Most of the parties in the freemium business sell subscriptions, aka as recurring billing.
This means that you will sign up for a payment on a regular basis until you cancel. There is a number of good reasons why you want to use this model as opposed to ‘one shot’ sales:
it lowers the price point to what a user will pay every month instead of what they will pay over time. If your retention is 90 days and the product price is $20 then the ‘sticker price’ will be $20 so a higher conversion rate will result
it gives the user a pay-as-you-go feeling, worst case they risk one payment
it reduces the relative cost of acquisition because the total income per user is higher (if you only do one shot sales every sale is a new acquisition so has the total cost of acquisition associated with it, with recurring billing you can amortize that cost over a larger amount of income)
it makes your business considerably more resilient to market fluctuations because the total active subscriber number will not vary nearly as fast as the sales from month to month. January for instance (right after Christmas) is historically a slaughterhouse sales-wise, everybody is broke. But the subscriptions will continue for the most part uninterrupted.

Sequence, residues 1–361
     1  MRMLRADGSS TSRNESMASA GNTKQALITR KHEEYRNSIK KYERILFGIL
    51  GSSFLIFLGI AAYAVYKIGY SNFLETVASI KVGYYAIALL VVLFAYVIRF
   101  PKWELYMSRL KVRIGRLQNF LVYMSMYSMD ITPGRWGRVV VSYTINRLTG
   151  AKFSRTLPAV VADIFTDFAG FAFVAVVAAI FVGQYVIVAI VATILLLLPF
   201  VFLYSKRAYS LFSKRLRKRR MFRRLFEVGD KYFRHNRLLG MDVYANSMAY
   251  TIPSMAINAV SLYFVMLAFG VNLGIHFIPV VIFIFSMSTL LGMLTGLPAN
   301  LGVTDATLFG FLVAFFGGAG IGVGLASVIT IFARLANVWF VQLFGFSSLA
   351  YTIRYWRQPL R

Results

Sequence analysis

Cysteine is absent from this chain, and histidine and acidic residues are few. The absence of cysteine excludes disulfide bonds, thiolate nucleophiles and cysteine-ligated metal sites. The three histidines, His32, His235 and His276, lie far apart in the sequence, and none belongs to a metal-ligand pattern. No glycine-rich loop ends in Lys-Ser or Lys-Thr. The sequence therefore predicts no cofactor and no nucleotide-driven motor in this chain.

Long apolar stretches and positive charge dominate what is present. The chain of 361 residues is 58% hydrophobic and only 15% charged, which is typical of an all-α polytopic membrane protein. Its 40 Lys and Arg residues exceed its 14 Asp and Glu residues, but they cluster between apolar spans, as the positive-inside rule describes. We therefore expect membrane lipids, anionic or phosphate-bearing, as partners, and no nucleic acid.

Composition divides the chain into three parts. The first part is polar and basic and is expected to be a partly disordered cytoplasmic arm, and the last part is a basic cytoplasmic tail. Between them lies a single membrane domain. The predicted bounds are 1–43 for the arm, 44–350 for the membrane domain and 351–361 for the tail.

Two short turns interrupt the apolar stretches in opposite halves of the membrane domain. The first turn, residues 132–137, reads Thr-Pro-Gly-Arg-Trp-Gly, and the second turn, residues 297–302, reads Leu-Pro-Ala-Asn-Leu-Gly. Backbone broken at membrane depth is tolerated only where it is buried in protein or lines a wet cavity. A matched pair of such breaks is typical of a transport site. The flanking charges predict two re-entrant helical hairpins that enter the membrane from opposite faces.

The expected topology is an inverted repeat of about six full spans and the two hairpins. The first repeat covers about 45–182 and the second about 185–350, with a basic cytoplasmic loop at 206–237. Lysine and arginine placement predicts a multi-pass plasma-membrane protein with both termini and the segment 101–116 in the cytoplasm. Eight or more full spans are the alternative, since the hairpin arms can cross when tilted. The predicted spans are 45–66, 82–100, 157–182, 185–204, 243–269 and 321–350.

The downside of the subscription business is that you will need an IPSP (internet payment service provider) that can do recurring billing, that is PCI compliant and, most importantly that will stay in business. The last item is where the trouble lies, plenty of IPSPs have gone out of business over the years and have taken large numbers of their customers with them.
When shopping around for an IPSP at a minimum look for one where you have a direct contract with VISA, MC and any other card companies that you wish to process charges for, and if you can afford it set up accounts with two IPSPs so in case one goes under you still have at least half your company left.
If you think that’s paranoid google ‘IBill’ and ‘DMR’. Both of those were considered ‘rock solid’ at some point in time and both failed spectacularly killing a large number of merchants.